This week witnessed the UK launch of Square, a financial tech company looking to empower small business owners. Headed by Twitter co-founder and current CEO Jack Dorsey, it enables retailers and merchants to accept payments via a tablet or smartphone.
Despite cash remaining the most cost-effective way of processing retail transactions, a vast market opportunity exists with over 2 million British merchants currently unable to accept card payments. However, well established players already exist with Swedish based processor iZettle offering a comprehensive selection of products designed for everybody, from large brick and mortar shops to market stall vendors. They even offer small businesses a free card reader as an incentive to sign up.
Both Square and iZettle platforms fundamentally function the same way, taking a commission of the total fee charged a method which benefits both customers and merchants. Retailers feel reassured that they are maximising every sales opportunity and are protected from crime by not having to maintain large cash deposits onsite. For the consumer, cards represent safety, familiarity and above all, convenience. It is no surprise that cards continue to be the dominant method of choice for consumers, with usage continually rising year on year, fuelled by the rise of contactless cards, which has more than doubled in 3 years.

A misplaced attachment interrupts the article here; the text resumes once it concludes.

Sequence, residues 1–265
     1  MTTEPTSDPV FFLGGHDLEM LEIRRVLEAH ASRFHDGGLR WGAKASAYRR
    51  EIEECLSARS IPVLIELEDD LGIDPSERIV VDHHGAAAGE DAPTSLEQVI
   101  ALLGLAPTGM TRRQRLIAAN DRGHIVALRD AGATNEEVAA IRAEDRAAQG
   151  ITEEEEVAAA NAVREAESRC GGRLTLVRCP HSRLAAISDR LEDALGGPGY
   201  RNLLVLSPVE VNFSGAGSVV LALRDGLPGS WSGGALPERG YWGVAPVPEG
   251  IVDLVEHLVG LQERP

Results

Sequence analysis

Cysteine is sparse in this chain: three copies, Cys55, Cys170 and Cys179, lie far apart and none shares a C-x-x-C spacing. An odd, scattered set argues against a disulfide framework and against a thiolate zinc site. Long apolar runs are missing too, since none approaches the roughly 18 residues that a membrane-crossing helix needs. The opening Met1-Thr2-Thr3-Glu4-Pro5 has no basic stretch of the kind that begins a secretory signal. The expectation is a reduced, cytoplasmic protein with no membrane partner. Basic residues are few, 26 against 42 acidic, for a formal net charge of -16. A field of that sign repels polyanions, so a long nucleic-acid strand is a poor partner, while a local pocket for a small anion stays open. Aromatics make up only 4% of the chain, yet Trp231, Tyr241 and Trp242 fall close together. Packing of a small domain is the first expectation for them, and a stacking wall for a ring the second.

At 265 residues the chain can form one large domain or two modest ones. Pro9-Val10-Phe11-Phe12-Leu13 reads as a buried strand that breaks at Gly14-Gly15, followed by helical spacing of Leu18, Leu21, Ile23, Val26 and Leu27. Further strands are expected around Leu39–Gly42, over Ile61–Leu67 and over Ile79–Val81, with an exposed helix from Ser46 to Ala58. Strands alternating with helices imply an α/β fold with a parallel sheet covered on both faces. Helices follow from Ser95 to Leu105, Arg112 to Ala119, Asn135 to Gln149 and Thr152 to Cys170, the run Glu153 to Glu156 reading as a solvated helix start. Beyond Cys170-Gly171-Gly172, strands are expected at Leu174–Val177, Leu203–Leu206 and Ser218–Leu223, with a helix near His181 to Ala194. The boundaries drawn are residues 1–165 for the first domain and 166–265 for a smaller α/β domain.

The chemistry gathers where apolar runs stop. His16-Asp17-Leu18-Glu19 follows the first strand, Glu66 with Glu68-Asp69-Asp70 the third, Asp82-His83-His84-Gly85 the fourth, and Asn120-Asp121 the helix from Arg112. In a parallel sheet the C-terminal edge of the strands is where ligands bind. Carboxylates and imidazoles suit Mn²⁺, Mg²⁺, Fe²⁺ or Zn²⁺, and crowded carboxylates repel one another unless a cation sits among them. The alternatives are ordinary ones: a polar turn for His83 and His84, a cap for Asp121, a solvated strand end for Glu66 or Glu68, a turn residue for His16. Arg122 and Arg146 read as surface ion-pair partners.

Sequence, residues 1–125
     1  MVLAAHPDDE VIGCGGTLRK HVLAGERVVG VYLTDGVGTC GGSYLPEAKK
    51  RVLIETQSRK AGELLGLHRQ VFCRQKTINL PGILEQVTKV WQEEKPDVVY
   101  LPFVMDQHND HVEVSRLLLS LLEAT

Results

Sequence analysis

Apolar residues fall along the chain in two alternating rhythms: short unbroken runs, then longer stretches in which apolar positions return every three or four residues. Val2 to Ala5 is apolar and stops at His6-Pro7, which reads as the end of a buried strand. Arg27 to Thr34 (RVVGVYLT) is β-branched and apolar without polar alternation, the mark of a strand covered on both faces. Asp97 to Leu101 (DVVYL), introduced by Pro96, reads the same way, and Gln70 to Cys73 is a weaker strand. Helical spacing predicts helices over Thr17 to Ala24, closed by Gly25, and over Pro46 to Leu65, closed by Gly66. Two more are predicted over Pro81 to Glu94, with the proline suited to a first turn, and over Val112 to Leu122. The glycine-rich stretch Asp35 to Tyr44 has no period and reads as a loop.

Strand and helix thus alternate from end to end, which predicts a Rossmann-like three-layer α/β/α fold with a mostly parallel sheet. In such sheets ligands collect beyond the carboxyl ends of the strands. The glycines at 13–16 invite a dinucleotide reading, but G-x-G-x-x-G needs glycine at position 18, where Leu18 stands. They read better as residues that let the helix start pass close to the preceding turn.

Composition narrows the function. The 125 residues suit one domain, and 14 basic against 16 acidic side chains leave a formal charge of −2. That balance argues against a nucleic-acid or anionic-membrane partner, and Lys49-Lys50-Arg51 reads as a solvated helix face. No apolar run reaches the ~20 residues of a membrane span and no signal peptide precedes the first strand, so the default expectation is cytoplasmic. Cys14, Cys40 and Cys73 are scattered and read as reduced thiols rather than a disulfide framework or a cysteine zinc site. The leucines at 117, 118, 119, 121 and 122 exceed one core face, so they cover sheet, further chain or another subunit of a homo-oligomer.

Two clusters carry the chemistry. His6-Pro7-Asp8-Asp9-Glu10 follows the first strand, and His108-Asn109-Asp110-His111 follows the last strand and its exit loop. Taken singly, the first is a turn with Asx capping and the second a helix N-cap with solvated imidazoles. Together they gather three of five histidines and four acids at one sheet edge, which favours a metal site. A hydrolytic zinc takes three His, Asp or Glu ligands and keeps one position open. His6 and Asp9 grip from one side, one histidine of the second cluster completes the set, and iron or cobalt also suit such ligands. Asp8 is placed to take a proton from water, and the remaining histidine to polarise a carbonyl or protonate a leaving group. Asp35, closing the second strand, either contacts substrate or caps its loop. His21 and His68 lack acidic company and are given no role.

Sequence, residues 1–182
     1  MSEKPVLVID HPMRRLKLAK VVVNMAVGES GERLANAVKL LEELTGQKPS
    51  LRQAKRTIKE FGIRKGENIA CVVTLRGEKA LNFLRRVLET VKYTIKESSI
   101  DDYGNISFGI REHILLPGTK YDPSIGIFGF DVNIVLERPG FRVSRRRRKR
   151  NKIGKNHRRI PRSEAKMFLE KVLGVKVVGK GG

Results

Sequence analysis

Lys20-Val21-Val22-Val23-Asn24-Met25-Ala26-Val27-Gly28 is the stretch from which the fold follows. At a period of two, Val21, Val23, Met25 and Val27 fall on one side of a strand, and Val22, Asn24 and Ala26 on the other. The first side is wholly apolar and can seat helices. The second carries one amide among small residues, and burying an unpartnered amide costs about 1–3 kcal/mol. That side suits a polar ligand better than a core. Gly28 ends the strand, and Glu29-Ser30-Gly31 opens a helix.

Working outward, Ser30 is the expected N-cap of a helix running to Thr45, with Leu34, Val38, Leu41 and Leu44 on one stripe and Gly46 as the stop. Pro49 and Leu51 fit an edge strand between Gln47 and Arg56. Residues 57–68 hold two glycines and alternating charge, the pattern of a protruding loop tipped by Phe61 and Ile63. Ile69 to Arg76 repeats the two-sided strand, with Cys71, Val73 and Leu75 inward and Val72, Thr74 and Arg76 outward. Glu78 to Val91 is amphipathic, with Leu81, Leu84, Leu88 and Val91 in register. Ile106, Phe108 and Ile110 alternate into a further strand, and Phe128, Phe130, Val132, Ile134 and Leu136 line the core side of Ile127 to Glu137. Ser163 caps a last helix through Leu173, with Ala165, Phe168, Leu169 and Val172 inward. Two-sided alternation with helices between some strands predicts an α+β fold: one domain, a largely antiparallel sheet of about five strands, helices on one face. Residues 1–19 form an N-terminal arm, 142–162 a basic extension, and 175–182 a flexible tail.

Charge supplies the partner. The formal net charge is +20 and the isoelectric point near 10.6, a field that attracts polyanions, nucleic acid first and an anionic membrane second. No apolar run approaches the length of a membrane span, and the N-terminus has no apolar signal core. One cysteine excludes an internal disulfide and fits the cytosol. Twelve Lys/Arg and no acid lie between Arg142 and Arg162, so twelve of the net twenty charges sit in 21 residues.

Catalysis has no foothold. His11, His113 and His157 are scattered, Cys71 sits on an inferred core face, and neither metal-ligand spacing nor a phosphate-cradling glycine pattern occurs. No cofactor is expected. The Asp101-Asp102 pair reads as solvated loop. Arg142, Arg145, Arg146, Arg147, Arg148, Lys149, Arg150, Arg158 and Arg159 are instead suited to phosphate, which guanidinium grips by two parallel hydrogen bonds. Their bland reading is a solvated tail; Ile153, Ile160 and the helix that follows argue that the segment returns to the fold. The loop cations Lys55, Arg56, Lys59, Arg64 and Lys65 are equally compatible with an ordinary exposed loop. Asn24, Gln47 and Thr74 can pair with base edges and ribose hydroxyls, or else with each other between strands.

Despite its deep pockets as a publicly traded company, Square’s UK performance remains to be seen. Launching to great fanfare and with a ruthless strategy which attempted to undercut its competitors with vastly reduced transactions fees, retail giant Amazon exited the sector nine months later. Some may even argue that Square’s European rival already has market advantage, with American cards far less complex in their architecture. Chip and pin for example, has long been considered the norm in Great Britain, with American firms and systems, heavily reliant on traditional magnetic strips, only issuing and recognising this method recently. Further, the UK is considered the world’s FinTech capital, a leader in innovation and home to numerous payments incubator and accelerator programmes. How long will it be before another company does what Square does faster, simpler and cheaper?
At Clareville we recognise the importance of a proactive public relations strategy when entering a new market. We have a wide range of knowledge and experience of the payments and financial services sectors, with the largest FinTech event in the UK, PayExpo Europe among our clients.
Here are some of our PR tips for a budding FinTech start-up:
- Have a roadmap – before entering the market, ensure that you have a realistic media plan detailing what you want to achieve and by when
- Designate a face of the company – Jack Dorsey’s history as a Twitter co-founder means high profile press coverage is guaranteed. If a member of the business has a distinguished or unique professional history, promote him as the ‘face’ of the organisation, it makes journalists take notice.
- Take a stand – you are more likely to generate media buzz through a controversial statement or radical insight.
- Vocally challenge the status quo – your start up exists because the financial services industry is archaic and broken, so shout about it. Loud and often.
- Client testimonials – the most powerful method of generating new business or boosting customer acquisition is through positive word of mouth. Ensure clients act as advocates through case studies, interviews and quotes.
- Don’t ignore social – long ignored by banks but a valuable tool for two-way engagement and real time feedback with end users.